2.3 Key Concepts of the J2ME Architecture
While connected consumer devices such as cell phones, pagers, personal organizers and TV set-top boxes have many things in common, they are also extremely diverse in form, function, and features. Information appliances tend to be special-purpose, limited-function devices. To address this diversity, an essential requirement for the J2ME architecture is not only small size but also modularity and customizability.
In general, serving the information appliance market calls for a large measure of flexibility in how computing technology and applications are deployed. This flexibility is required because of
the large range of existing device types and hardware configurations,
the different usage models employed by the devices (key operated, stylus operated, voice operated),
constantly improving device technology,
the diverse range of existing applications and features,
the need for applications and capabilities to change and grow, often in unforeseen ways, in order to accommodate the future needs of the consumer.
The J2ME architecture is intended to be modular and scalable so that it can support the kinds of flexible deployment demanded by the consumer and embedded markets. To enable this, the J2ME environment provides a range of technologies, each optimized for the different processor types and memory footprints commonly found in the consumer and embedded marketplace.
For low-end, resource-limited consumer products, the J2ME environment supports minimal configurations of the and Java libraries that embody just the essential capabilities of each kind of device. As device manufacturers develop new features in their devices, or service providers develop new and exciting applications, these minimal configurations can be expanded with additional libraries that address the needs of a particular market segment. To support this kind of customizability and extensibility, two essential concepts are defined by the J2ME environment:
Configuration. A J2ME configuration defines a minimum platform for a "horizontal" category or grouping of devices, each with similar requirements on total memory budget and processing power. A configuration defines the Java language and virtual machine features and minimum class libraries that a device manufacturer or a content provider can expect to be available on all devices of the same category.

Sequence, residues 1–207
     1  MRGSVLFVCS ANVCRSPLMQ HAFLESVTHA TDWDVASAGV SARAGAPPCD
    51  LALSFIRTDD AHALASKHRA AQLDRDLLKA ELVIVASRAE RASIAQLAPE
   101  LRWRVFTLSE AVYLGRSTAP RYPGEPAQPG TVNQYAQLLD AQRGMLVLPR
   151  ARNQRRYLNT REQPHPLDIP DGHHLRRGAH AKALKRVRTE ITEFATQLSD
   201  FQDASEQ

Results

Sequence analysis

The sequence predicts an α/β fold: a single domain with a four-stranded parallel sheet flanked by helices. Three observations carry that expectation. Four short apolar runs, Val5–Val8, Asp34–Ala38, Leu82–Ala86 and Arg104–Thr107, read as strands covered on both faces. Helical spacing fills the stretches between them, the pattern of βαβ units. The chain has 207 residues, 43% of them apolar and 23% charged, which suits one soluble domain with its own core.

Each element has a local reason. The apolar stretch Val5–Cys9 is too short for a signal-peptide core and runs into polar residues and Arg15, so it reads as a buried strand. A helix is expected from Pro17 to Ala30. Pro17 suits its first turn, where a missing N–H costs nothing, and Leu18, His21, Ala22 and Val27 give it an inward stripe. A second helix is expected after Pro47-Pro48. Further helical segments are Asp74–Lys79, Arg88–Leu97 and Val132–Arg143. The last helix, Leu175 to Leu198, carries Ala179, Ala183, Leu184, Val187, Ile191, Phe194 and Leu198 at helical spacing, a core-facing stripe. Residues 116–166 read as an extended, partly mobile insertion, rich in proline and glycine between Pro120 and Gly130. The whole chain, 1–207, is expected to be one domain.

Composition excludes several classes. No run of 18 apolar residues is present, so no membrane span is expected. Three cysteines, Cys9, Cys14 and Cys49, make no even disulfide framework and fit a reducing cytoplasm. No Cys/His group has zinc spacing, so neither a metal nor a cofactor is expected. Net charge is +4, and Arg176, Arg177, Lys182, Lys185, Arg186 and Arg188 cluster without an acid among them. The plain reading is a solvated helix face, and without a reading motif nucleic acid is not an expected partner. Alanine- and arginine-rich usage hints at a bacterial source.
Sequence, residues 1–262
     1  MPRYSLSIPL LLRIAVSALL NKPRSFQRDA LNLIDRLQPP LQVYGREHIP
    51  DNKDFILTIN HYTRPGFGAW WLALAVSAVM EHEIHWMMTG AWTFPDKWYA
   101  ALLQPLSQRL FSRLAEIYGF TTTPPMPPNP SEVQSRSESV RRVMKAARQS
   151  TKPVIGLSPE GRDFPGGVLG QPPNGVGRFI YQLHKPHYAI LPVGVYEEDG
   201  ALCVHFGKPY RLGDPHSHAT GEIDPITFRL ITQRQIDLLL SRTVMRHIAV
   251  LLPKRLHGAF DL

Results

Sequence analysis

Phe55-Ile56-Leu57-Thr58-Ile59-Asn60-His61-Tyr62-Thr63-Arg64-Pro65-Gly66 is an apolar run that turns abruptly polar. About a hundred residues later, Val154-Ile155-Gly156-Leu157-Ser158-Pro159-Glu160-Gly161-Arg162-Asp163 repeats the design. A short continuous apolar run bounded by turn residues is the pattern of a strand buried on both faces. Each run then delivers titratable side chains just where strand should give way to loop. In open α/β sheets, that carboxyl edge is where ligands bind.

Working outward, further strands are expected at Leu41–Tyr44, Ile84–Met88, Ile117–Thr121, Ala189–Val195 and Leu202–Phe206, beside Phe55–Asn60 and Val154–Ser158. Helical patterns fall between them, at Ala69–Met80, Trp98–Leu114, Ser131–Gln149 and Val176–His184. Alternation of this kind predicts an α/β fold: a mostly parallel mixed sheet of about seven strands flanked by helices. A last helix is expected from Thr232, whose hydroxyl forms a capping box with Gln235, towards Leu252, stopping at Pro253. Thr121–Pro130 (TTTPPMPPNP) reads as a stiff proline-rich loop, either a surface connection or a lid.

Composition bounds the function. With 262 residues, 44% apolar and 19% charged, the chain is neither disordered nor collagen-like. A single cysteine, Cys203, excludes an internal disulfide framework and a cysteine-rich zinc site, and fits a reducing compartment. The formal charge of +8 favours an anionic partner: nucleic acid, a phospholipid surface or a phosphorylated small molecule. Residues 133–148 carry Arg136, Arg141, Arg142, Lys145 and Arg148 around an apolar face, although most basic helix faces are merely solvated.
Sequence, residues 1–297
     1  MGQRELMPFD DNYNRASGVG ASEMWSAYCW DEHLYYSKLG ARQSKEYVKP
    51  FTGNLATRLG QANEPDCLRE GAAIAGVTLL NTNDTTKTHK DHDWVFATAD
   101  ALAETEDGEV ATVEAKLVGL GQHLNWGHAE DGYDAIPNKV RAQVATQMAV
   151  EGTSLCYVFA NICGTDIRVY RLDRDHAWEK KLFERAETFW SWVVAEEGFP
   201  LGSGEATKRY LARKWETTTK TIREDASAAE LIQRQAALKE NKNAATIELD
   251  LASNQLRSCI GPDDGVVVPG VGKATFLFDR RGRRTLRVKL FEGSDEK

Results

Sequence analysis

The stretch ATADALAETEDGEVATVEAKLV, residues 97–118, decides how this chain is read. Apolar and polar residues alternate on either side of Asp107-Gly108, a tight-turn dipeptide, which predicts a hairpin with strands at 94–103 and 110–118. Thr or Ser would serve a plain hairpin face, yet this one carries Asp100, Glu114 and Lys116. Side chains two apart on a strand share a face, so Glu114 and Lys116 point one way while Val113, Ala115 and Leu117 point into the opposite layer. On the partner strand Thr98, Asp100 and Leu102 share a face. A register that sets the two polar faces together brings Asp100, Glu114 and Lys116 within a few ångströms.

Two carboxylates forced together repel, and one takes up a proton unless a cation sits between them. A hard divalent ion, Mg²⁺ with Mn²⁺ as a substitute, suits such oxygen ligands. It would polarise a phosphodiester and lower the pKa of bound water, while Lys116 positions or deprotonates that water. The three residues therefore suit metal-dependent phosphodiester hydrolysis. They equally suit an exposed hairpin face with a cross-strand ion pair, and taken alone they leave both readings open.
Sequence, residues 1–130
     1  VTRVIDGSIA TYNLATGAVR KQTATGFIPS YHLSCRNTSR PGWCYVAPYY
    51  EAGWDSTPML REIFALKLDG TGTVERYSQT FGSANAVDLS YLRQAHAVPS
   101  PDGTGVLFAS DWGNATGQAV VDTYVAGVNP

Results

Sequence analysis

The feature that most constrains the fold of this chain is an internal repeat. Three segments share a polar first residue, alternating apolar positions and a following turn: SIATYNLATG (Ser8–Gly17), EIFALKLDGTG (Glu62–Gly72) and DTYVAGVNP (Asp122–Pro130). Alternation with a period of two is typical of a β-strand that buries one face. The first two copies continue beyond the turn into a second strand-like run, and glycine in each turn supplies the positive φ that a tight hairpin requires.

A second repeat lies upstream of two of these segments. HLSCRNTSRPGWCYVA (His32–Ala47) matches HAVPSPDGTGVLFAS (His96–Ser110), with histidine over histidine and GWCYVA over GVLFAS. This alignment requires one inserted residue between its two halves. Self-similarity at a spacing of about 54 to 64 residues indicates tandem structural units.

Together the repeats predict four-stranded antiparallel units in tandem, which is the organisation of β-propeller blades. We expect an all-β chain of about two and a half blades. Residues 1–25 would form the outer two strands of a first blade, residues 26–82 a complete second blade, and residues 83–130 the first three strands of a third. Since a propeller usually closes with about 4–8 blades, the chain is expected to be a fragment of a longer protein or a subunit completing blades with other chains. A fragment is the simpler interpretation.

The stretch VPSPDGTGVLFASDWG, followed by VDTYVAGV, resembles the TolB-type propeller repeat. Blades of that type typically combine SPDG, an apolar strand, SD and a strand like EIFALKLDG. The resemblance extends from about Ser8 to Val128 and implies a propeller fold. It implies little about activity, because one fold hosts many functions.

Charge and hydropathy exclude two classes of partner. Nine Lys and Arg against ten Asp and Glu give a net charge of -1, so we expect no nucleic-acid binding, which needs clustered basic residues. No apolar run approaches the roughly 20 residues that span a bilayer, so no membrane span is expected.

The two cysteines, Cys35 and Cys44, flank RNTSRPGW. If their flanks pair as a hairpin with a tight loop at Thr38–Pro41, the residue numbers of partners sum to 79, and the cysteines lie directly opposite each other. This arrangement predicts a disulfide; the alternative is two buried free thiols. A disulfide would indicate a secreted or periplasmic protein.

Profile. A J2ME profile is layered on top of (and thus extends) a configuration. A profile addresses the specific demands of a certain "vertical" market segment or device family. The main goal of a profile is to guarantee interoperability within a certain vertical device family or domain by defining a standard Java platform for that market. Profiles typically include class libraries that are far more domain-specific than the class libraries provided in a configuration. One device can support multiple configurations.
Configurations and profiles are discussed in more detail below. Both configurations and profiles use the capabilities of the (JVM), which is considered to be part of the configuration. The virtual machine usually runs on top of a host operating system that is part of the system software of the target device. The high-level relationship between the different software layersâ€”the JVM, configuration, profiles and the host operating systemâ€”is illustrated in Figure 2.2.
Figure 2.2 Software layers in a J2ME device
J2ME configurations and profiles are defined through the Java Community Process (JCP). For further information on the Java Community Process, refer to the Java Community Process web site. 1
Application portability is a key benefit of Java technology in the desktop and enterprise server markets. Portability is an equally critical element in the consumer device space. However, application portability requirements in the consumer space are very different from portability requirements demanded by the desktop and server markets. In most cases consumer devices differ substantially in memory size, networking and user interface capabilities, making it very difficult to support all devices with just one solution.
In general, the consumer device market is not so homogeneous that end users can expect or require universal application portability. Rather, in the consumer space, applications should ideally be fully portable within the same device family. For example, consider the following types of consumer devices: